The exhibition “Relational Undercurrents: Contemporary Art of the Caribbean Archipelago” is opening in New York as I write, with a reception this evening, from 6:00 to 8:00pm, at the Wallach Art Gallery of Columbia University. The exhibition will run through September 23. It debuted at the Museum of Latin American Art in Long Beach, California, as part of “Pacific Standard Time: LA/LA,” a region-wide, multi-institution cultural initiative organized by the Getty.
Here are excerpts from a review of the show (January 2018) by Daniell Cornell, former director of art at the Palm Springs Art Museum. In this review, Cornell spotlights Cuban artists:
Relational Undercurrents: Contemporary Art of the Caribbean Archipelago, opening tonight at the Wallach Art Gallery in Manhattan, offers a compellingly revisionist understanding of art from the region. Curators Tatiana Flores and Michelle A. Stephens have resisted the usual interpretations that focus on the diverse cultural heritages of the Caribbean. Instead, they have deployed the geological topography of archipelago as a metaphor to suggest how art reveals continuities and shared experiences among the various island nations and places them at the center of their own identifying narratives.
The curators have devised four organizing categories to demonstrate these affinities: Perceptual Horizons, Conceptual Mappings, Landscape Ecologies, and Representational Acts. Cuban artists are well served by this critical lens. Significantly, this curatorial rubric allows for a wide range of artistic practices, media, and visual languages from pictorial to abstract.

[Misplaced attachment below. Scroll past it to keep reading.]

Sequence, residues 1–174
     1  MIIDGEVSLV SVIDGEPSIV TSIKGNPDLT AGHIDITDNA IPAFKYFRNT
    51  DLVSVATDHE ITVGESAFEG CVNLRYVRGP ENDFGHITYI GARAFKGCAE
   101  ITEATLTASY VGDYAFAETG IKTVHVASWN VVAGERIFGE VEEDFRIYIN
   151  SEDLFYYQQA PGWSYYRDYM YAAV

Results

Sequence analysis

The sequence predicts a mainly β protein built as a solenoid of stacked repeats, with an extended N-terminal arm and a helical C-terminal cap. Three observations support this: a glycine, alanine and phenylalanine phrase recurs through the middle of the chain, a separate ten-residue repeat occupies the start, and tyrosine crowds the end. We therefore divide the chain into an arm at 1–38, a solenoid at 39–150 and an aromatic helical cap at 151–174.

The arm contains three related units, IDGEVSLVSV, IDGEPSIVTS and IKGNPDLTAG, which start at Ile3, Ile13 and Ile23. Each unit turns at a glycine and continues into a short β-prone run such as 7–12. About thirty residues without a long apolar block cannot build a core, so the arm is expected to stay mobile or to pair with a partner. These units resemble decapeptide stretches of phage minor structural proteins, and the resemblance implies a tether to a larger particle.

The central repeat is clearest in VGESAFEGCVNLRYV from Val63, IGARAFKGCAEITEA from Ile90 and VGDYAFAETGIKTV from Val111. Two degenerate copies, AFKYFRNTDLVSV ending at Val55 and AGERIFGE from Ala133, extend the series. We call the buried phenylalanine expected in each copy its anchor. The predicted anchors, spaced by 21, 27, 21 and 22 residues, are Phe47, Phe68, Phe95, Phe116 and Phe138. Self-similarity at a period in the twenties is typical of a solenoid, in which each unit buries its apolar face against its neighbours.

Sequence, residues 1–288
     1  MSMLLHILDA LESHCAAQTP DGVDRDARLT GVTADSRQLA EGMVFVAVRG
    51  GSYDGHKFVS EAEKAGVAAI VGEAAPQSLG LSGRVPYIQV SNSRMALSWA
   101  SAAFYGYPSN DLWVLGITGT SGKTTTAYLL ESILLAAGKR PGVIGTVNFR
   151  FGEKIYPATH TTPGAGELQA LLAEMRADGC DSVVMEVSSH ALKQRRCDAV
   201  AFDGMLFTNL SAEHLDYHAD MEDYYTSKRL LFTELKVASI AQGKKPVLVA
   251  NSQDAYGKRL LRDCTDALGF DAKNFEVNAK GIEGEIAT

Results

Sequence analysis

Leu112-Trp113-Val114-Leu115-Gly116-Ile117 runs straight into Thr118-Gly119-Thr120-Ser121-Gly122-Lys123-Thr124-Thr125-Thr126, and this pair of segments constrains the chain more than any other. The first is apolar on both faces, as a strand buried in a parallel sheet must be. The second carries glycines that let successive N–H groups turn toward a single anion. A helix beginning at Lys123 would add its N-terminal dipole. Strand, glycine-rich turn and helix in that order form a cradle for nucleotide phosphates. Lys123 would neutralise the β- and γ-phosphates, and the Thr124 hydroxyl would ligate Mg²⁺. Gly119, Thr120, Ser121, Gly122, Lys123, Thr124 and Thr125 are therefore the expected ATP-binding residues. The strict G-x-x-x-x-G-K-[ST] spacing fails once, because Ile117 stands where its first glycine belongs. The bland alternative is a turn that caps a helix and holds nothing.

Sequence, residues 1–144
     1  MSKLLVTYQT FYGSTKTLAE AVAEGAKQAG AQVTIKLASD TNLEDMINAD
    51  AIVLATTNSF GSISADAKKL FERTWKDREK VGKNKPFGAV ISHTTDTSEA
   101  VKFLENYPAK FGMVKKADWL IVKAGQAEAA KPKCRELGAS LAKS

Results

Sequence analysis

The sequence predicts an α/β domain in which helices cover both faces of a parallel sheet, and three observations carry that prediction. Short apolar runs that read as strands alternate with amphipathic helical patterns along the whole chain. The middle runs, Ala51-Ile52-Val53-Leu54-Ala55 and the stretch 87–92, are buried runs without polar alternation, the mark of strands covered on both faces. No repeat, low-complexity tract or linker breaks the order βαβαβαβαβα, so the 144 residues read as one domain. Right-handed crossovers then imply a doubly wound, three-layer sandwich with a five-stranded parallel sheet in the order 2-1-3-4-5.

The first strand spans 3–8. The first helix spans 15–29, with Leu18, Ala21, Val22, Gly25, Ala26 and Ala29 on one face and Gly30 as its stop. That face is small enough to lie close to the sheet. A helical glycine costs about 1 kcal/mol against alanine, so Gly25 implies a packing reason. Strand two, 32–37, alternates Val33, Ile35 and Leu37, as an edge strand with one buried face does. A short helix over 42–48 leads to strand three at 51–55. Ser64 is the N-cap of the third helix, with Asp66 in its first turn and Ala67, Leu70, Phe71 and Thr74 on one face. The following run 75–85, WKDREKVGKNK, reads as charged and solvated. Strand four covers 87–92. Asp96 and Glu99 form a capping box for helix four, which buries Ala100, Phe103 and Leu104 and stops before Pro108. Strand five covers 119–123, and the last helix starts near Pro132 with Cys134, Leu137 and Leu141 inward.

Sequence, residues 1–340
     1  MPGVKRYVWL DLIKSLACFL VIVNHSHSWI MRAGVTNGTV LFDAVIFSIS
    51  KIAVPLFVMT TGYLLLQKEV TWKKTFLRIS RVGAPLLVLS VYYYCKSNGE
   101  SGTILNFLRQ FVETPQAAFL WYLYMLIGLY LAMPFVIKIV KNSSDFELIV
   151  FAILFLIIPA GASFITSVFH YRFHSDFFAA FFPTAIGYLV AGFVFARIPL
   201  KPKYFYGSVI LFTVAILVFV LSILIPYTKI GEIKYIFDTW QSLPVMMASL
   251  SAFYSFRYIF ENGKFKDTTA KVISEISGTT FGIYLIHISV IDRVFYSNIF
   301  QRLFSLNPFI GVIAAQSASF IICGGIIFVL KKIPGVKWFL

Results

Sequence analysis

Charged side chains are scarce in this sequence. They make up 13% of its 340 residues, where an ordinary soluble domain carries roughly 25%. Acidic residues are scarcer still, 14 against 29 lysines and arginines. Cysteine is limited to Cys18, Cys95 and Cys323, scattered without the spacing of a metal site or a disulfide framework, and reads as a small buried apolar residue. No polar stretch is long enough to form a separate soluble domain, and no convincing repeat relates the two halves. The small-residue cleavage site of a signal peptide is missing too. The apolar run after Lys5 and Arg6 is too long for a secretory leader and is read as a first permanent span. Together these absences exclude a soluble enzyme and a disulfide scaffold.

Of the 85 artists in the exhibition, 20 are identified as Cuban—among them, Quisqueya Henríquez, Carlos Martiel, Samir Bernardez, María Magdalena Campos-Pons, Glenda León, María Martínez-Cañas (with Kim Brown), Lilian Garcia-Roig, Guerra de la Paz, and Guillermo Calzadilla (in partnership with Jennifer Allora).
Representing curatorial concerns in “Perceptual Horizons,” Yoan Capote’s Isla (la noche), 2011–12, references the ominous night sea, expansive horizon, and ecological dependence on the ocean. The ostensible painting combines, oil, nails, and fishhooks on jute in a tour-de-force of assemblage. It is simultaneously an illusionistic rendering and an emotional expression of what it feels like to be caught and bound by the vastness of the ocean.
In several works rendered through more traditional media, the horizon figures as a perceptual concept, suggesting a visual boundary or limit. In Jorge Luis Bradshaw’s series Horizonte, 2010, the usual experience of the horizon as a sharp, distinct line becomes blurred, literally. Rather than describing the seemingly endless vista where water and sky merge into infinity, the color-field inspired bluish-green hues and feathery washes in Bradshaw’s blurry acrylic on canvas invoke the claustrophobic feeling of being underwater.
There is an abundance of photography and video in the exhibition, which also often oscillates between the pictorial and abstraction. In Naufragios / The Sound of No Shore, 2015, Manuel Piña begins with a simple monochromatic video of the sea and sky, divided equally by the horizon line. He then manipulates the horizon, digitally folding and dividing the image into increasingly complex geometric patterns of air, water, and horizon as he transforms this natural boundary into a mesmerizing meditation. [. . .]
[Image above : Humberto Díaz, Déja Vu, 2008. Courtesy MOLAA.]
For full article, see http://www.cubanartnews.org/news/relational-undercurrents-comes-to-new-york/6885